I'm thinking about putting a deposit down on a EV. 180 miles in the time it takes me to make a pit stop is fine with me. 95% of my trips can be done easily with the 260 mile mid-range Model 3. Not cheap. But once you have driven one, you understand it's fun factor. And it is fun. Beats most Boxsters off the line with max torque at 1 RPM. Handling excellent. Will require me to run a new circuit for home changing. Why buy a EV? Mostly for the unusual experience. There is only one in my town so far. Not so much for the green factor though some of that.

There is a anti-EV campaign going on with articles similar to this funded by the fossil fuel interests. Cum grano salis.

Co-worker put a deposit down on a Model 3 when Tesla first started taking deposits. Finally went to look at one. 'course, the base lowest priced model was not being offered. Long story short she decided to not buy the 3 and instead bought a Lexus hybrid.

Co-worker did ask for the "survey" regarding her house and what it take to accommodate a charger. The person showed up but spent the entire time pushing solar panels. Said she'd need at least "7" for the car but suggested -- strongly -- she get more. Estimated cost for nearly 20 panels came to around $20,000.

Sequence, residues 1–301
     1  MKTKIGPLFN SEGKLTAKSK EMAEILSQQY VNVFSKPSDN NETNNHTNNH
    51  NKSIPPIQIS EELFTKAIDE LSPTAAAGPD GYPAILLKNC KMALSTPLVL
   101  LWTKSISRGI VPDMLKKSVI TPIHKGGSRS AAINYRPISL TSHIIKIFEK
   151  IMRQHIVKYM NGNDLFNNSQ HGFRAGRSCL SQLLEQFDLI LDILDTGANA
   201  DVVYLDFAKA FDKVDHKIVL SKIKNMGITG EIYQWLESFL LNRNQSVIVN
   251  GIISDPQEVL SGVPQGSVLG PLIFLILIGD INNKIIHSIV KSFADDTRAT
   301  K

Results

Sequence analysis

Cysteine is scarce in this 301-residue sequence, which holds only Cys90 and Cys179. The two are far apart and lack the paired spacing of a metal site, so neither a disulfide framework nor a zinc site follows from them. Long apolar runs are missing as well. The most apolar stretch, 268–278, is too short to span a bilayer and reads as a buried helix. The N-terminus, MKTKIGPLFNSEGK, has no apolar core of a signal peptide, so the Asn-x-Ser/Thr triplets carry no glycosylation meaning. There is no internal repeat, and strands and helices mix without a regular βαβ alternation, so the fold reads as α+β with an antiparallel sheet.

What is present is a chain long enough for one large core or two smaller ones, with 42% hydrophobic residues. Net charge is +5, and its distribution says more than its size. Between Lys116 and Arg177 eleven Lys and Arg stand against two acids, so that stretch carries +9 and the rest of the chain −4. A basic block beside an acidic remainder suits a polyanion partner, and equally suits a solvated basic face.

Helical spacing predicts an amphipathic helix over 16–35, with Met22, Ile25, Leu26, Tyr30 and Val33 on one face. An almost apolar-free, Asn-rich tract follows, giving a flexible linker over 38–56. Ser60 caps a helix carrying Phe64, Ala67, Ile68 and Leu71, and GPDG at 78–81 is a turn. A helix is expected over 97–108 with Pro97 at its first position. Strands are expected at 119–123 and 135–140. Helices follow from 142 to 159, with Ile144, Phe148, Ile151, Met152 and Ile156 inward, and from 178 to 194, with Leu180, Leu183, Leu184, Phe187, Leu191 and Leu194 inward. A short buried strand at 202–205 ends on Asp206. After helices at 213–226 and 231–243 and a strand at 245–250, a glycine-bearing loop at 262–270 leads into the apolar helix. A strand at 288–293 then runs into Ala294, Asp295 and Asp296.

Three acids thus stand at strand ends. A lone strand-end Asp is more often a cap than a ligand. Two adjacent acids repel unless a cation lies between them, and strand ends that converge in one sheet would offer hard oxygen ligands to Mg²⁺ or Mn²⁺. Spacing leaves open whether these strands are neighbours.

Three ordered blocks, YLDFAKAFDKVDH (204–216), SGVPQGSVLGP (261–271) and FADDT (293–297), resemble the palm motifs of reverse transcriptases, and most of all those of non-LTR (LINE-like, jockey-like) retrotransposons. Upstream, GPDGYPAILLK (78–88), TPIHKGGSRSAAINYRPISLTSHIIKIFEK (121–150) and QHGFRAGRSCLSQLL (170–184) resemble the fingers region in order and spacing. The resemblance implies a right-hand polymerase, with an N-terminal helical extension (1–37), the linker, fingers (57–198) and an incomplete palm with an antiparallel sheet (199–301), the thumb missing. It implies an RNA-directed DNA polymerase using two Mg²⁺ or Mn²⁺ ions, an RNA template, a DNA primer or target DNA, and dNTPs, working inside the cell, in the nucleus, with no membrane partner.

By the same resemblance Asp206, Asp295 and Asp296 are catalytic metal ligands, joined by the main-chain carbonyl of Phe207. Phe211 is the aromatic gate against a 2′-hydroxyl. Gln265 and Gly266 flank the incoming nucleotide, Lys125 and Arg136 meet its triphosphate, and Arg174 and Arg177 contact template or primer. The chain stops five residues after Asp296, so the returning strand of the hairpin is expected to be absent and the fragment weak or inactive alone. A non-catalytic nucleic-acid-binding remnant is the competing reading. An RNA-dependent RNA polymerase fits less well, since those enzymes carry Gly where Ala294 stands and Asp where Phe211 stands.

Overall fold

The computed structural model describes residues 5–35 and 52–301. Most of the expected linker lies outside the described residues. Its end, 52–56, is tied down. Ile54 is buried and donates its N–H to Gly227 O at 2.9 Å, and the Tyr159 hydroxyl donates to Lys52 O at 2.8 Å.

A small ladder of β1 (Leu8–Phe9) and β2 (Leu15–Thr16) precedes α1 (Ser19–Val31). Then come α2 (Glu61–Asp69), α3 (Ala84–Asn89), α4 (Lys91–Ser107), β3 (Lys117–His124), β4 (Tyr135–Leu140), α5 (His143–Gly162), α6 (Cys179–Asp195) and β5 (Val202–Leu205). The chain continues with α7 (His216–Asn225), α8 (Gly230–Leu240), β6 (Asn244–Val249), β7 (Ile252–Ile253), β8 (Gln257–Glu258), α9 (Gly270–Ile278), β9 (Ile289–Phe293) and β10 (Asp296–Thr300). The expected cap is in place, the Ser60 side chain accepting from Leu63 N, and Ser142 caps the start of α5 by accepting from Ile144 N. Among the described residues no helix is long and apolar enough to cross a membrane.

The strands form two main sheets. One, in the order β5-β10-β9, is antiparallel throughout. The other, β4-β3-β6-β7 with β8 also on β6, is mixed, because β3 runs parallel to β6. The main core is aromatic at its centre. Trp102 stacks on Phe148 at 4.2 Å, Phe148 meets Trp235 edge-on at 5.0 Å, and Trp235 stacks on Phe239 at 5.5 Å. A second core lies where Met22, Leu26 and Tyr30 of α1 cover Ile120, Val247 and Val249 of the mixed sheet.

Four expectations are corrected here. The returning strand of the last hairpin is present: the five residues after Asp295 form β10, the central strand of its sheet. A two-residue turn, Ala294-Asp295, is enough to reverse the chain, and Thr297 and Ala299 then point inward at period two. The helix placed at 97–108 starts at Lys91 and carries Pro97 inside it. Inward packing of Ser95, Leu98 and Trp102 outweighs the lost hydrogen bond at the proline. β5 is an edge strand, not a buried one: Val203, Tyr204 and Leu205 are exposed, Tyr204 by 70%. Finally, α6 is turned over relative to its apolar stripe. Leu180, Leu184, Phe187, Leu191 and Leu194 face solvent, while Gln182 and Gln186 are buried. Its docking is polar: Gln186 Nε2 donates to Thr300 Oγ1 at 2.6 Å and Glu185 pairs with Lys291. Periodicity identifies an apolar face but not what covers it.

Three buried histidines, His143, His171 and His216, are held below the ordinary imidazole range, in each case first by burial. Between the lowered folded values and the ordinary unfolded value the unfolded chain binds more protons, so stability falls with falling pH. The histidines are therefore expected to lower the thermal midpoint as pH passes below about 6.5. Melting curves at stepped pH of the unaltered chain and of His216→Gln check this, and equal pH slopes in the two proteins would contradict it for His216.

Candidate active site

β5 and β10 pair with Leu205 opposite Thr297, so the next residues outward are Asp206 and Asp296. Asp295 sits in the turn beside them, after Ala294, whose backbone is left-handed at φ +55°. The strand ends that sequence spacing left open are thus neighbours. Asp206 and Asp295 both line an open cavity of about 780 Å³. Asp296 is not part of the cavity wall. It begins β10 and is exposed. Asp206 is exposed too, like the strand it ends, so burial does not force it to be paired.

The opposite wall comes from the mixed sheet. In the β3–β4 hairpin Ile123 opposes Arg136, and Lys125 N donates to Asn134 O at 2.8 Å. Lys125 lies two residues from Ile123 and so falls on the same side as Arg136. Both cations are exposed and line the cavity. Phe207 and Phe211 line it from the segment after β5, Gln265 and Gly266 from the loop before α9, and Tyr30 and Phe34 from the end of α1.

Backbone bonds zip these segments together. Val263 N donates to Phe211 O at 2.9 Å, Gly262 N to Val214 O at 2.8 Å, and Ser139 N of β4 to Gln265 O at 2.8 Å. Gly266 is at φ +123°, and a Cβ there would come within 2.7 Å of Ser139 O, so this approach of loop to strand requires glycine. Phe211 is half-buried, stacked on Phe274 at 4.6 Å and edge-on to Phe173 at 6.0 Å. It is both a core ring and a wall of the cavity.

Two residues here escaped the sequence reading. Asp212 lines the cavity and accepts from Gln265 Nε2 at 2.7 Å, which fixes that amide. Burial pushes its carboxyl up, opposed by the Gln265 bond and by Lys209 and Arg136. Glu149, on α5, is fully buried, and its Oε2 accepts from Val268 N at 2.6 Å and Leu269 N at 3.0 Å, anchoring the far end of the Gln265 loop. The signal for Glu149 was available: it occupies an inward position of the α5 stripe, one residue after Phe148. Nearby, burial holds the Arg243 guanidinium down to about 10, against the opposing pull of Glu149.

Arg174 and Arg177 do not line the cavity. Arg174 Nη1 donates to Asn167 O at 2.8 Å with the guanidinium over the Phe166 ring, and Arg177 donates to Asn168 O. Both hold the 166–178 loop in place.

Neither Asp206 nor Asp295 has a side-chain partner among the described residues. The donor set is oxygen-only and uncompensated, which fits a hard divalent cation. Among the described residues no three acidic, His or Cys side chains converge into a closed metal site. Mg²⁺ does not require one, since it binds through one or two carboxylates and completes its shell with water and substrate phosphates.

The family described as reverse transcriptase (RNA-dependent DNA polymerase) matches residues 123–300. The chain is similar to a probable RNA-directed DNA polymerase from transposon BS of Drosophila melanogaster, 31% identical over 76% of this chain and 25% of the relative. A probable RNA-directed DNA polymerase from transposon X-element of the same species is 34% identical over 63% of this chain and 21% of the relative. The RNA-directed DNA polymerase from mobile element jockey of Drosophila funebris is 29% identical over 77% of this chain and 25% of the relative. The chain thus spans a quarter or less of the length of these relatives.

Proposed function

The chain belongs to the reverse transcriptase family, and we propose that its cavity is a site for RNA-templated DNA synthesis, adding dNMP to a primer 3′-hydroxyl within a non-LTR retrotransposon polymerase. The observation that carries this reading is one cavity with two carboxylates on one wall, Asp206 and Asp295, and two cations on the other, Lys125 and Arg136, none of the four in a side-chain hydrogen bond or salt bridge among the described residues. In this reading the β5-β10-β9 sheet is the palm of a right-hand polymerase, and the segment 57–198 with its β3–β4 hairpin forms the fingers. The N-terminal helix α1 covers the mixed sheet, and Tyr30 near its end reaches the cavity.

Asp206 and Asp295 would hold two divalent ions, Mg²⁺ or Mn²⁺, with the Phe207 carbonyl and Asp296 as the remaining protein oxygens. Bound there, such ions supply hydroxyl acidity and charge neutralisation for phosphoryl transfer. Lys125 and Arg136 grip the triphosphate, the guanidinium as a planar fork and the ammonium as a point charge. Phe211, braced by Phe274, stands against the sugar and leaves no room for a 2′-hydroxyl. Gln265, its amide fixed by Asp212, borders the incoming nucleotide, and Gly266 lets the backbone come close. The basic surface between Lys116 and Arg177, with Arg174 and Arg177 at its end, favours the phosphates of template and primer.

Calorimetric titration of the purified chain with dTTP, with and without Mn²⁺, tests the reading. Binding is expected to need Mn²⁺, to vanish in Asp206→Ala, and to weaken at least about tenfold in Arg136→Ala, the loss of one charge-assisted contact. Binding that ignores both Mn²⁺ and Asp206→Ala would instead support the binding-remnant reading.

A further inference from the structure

Another co-worker bought (or leased) a Chevy Bolt. He had a BMW i3 before. Loves the Bolt. Plenty of range, about on par with the Tesla model 3. He got a charger installed for around $500. He got a "universal charger" which I guess he can unplug and toss in the trunk and take it with him and use it connected to another charger to charge his car.
Hybrids are nice
Boxsterra - 1 month ago
and the flexibility of the reverse hybrid is excellent.

However, one of the fantastic things about all-electric cars is that they are super simple. There's no transmission, oil, warmup time, break-in period, tuneups, filters, fluids, and very few moving parts. The brakes last almost forever so the only real wear items are the suspension-related components. By the time the battery needs to be replaced, battery tech will be much better and cheaper.

Hybrid cars are even more complex than gas-powered cars. Boo.
I opted for the Chevy Volt. You are right - it is not as simple as all electric, but since the engine merely drives a generator, and the car is always propelled with an electric motor, there is no conventional transmission. I am not sure how other hybrids work, since this is my first.

I had a deposit in on the Tesla 3 on Day 2, but cancelled it when the delay was obvious, and I realized that I would be taking more 400 mile trips in the upcoming years, but that most of our driving would be well within the 50 - 60 mile battery range on the Volt. I am waiting to see just what a Taycan is like!
Every time I go to configure it, Elon has moved the models available or the price. I really want the Model Y, the SUV version of the Model 3. Maybe available a year from now. Not sure how long we are going to be in this house which makes the charger investment problematic.